When Wedding Appeal Meets Wedding Apparel

Tuesday, September 6, 2011
I've known we'd have a wedding to attend this September ever since the happy couple got engaged last autumn. Apparently, my friends and I are late bloomers. At the ripe old age of 26 and a half, this is the first wedding of a friend I'll attend and only the second wedding of a close acquaintance that's even occurred.

Now, we all know I have no issues with wedding hoopla and as the bride's personal attendant and a reader in the ceremony, I'm happy, honored, thrilled to be a part of her big day. Besides, it's awesome excuse to nab a new pair of ridiculous heels.

But this morning, I hit a wall with the whole wedding business.

I was sitting on L.L. Bean's website trying to figure out something for Andy to wear to the wedding that he wouldn't feel like a douche bag in but that would be reasonably acceptable to wear to a semi-formal wedding. My brother, also my newly appointed men's wedding wear guru, stated Andy'd have to at least wear a button up shirt and dress pants if he didn't want to feel completely under dressed.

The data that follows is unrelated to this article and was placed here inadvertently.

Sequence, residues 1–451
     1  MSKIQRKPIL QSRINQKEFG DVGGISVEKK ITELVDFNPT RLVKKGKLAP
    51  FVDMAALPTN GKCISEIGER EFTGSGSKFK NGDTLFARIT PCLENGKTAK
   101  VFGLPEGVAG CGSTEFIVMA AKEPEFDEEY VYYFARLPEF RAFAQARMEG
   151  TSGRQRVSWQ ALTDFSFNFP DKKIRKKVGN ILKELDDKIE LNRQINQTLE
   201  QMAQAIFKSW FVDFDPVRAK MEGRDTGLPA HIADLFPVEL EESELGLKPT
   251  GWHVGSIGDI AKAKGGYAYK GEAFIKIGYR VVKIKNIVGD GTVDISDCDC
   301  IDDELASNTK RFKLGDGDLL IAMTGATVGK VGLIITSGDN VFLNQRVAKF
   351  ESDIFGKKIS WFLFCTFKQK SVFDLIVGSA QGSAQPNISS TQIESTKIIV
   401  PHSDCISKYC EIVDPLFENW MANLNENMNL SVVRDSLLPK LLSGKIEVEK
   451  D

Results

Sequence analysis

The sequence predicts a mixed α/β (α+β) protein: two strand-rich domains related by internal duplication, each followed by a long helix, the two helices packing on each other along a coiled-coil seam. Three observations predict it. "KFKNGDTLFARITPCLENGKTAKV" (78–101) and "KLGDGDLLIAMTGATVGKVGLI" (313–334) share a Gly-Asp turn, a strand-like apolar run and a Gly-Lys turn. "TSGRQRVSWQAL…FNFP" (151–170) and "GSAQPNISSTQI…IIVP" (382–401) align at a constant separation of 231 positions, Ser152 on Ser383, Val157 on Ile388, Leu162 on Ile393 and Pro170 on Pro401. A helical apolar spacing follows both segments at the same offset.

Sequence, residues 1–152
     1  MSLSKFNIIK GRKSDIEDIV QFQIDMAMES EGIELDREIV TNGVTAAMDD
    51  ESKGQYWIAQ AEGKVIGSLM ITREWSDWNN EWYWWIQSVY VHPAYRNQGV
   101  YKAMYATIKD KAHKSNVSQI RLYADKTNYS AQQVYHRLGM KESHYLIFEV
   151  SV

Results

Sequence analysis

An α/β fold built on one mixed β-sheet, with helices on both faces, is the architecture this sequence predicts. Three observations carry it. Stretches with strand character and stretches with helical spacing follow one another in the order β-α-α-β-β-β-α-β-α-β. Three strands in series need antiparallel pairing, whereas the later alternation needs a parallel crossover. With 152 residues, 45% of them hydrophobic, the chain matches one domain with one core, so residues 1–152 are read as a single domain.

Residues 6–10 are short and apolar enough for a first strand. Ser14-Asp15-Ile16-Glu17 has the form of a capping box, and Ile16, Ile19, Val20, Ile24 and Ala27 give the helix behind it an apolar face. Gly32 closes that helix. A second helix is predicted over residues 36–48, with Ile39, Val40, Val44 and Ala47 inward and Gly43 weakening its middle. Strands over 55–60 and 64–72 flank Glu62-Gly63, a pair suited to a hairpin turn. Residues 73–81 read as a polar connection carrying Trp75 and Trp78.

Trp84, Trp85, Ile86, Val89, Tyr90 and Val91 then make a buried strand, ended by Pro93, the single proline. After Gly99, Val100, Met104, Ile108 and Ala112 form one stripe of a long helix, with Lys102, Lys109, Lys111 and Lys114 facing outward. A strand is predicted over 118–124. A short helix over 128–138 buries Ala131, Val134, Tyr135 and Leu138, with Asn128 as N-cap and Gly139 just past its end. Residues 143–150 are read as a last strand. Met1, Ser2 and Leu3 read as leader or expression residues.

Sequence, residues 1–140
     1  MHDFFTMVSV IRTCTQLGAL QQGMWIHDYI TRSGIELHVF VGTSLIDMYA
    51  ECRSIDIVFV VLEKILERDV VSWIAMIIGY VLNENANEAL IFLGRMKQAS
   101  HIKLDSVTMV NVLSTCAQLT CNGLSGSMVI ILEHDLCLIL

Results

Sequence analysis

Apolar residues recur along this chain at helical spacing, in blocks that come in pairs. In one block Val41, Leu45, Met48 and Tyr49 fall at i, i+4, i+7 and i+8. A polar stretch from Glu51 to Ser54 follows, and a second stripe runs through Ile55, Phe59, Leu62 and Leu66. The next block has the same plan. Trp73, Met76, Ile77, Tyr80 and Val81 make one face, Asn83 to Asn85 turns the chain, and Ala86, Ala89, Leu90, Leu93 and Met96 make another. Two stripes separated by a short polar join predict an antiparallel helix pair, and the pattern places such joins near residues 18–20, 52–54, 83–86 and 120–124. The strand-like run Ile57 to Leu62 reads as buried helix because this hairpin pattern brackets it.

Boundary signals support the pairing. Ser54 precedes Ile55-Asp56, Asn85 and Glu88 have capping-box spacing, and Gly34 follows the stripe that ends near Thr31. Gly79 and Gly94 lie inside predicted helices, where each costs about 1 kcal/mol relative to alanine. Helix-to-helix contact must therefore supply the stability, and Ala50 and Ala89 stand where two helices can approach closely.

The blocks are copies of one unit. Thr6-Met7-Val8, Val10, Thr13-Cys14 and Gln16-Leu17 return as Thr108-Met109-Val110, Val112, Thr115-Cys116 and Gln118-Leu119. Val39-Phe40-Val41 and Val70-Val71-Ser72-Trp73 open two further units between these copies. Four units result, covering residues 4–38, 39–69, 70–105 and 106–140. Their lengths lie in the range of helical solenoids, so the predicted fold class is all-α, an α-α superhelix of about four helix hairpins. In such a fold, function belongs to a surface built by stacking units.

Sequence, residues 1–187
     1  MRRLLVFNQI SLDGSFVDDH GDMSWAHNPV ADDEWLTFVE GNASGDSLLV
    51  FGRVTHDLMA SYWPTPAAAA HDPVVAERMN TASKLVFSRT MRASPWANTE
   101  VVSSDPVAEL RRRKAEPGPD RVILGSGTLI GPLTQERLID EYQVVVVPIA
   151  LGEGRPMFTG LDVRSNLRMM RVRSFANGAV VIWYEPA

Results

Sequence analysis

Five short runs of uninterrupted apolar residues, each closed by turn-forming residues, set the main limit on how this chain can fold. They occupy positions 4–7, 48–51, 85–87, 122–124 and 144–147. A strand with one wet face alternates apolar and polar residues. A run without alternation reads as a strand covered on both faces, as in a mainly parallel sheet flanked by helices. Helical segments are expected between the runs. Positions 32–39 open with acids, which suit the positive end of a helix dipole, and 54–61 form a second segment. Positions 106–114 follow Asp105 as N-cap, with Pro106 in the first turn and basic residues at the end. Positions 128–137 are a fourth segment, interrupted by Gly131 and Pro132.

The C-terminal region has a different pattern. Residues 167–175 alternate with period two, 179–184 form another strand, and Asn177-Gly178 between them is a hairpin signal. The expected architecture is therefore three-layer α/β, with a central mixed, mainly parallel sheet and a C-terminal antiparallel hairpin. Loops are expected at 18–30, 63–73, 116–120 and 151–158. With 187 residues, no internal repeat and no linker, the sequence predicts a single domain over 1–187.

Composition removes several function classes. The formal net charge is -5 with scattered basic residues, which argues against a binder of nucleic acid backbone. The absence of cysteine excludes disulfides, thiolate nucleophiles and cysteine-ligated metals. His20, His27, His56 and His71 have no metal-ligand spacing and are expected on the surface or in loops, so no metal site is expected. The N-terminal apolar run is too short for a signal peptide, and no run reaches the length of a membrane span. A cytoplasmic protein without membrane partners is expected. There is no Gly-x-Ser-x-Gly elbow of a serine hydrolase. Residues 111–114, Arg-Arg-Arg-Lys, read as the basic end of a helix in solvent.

I'd just spent over $50 on a new strapless bra, which for the record, cost more than the shoes above and I was feeling a little cranky about formal wear expenses. But I had no choice. The last time I was in a Victoria's Secret was back in May on Chicago's Magnificent Mile just hours before I bought the strapless dress I'm wearing to the wedding. And with the nearest actual, non-virtual lingerie store is a three-hour drive away and I had to bit the bullet and order the now necessary strapless bra online. (Oh mail-order bras do inspire fear in my little heart.) Granted I could have just returned to Victoria's Secret while I was still in Chicago, but frankly those stores intimidate me and I try to only go inside such places every few years.